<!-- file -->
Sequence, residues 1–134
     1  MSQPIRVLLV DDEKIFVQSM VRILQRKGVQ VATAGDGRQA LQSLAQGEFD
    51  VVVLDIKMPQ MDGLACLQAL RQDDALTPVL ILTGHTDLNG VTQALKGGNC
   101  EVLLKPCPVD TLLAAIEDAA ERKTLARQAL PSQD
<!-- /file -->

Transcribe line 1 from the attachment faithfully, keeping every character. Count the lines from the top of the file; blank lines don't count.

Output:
Sequence, residues 1–134